Politically sensitive requests likely to be blocked under new freedom of information restrictions

The amount of information made public about politically contentious issues would be severely cut under new government proposals to restrict ‘time consuming’ freedom of information requests, campaigners warn. Thirteen per cent of all requests to government departments which currently have to be dealt with could be refused on cost grounds in future under the proposals.

At the moment, an FOI request can be refused if the cost of dealing with it exceeds £600 in the case of government departments, or £450 for other authorities. In calculating their costs, authorities can include the time spent locating, retrieving and extracting the requested information.

The Department for Constitutional Affairs today said it was “minded” to introduce two changes to these arrangements.

First, authorities would be allowed to include the time spent by staff in reading the material, consulting others and deciding whether to release it. This would mean that many requests which are currently answered would be refused on cost grounds in future. This would particularly affect those in which ministers become personally involved, because consulting ministers is “the most expensive stage of work”, according to today’s report.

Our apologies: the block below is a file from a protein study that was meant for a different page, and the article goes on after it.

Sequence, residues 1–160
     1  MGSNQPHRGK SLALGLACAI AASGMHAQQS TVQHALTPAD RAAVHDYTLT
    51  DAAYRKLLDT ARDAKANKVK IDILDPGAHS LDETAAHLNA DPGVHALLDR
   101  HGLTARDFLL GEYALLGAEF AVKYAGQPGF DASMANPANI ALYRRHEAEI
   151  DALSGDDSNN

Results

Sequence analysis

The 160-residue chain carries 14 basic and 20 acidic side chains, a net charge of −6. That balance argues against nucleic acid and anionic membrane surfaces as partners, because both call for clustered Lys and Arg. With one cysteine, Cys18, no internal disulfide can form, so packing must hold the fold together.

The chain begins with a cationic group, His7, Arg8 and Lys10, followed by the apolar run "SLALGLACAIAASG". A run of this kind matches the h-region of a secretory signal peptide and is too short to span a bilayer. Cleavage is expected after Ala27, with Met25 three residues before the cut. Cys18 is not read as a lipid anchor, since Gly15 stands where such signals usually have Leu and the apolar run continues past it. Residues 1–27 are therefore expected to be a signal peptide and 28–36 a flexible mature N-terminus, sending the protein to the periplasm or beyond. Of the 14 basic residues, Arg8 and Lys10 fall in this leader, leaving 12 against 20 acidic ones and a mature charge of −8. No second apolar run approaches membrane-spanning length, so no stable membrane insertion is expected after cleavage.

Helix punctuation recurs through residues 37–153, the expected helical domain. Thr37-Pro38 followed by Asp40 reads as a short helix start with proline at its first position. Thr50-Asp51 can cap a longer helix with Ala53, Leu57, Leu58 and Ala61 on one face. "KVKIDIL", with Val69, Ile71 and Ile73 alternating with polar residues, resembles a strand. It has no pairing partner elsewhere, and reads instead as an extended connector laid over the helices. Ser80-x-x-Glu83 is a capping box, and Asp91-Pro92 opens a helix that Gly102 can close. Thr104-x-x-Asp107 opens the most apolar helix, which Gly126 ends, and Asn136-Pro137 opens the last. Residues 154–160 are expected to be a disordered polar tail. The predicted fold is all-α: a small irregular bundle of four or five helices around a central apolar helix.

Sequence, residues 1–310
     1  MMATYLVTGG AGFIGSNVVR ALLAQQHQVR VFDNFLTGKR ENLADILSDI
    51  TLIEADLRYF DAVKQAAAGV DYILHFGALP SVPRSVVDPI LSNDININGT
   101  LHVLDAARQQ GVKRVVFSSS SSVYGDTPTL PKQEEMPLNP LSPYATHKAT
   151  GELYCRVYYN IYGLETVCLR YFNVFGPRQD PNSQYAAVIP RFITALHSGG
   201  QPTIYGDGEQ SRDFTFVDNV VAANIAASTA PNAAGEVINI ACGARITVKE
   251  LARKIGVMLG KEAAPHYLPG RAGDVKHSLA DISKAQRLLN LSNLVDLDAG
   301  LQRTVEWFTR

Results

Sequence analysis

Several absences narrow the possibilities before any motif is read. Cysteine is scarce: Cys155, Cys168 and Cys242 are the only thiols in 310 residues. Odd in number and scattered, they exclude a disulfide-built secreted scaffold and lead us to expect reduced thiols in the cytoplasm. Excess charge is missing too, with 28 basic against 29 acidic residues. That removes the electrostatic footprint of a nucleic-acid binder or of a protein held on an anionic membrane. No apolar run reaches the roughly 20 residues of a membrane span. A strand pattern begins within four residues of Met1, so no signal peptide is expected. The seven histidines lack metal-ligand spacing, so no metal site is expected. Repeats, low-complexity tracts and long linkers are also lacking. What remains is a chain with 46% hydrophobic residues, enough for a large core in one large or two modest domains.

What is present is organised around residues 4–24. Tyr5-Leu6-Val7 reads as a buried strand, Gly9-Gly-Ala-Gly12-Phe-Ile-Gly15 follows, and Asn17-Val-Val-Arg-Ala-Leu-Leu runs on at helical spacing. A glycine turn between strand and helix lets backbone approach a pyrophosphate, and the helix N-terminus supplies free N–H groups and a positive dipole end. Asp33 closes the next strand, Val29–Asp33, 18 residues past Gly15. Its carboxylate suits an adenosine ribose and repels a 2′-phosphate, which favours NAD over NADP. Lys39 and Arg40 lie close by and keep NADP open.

The Campaign’s director Maurice Frankel said “ministers often insist on personally taking any sensitive decisions under the FOI Act. Allowing their time to be counted means that the more politically contentious or embarrassing the request, the greater the chance of it being refused on cost grounds. It is deeply unfair to penalise requesters because ministers are anxious about negative publicity. In cost terms, it would be just as effective to discourage ministers from getting involved in these decisions in the first place.”

The second change would be to allow all the requests made to an authority by the same person or organisation to be refused if their combined cost exceeded the £600 or £450 limit. The move would particularly hit the press, as well as campaigning groups and MPs, Mr Frankel said. “Newspapers would be forced to limit themselves to one or two requests to a government department a quarter. A regional paper covering the work of a local authority might be allowed one request every few months. It would barely be worth their while learning how to use the Act at all”.

The overall effect of these changes would be a major cut back in public scrutiny of government decisions. The figures published today suggest that over 4,400 requests a year which currently have to be dealt with under the Act could be refused on cost grounds in future. “This would severely limit use of the Act to promote public accountability, ensure that authorities take sound decisions, allow the public to check that their concerns have been taken into account and increase public confidence in the work of authorities” the Campaign said.

However, the government has decided not to introduce “up front” application fees under the Act.


The new proposals are published today (16.10.06) in ‘The Government’s Response to the Constitutional Affairs Select Committee Report “Freedom of Information – One Year On”. A separate report, by Frontier Economics, (“Independent Review of the Impact of the Freedom of Information Act”) commissioned by the Department for Constitutional Affairs, is also published today.

Both are available on the department’s web site at:

Further information

Maurice Frankel or Katherine Gundersen 020 7490 3958

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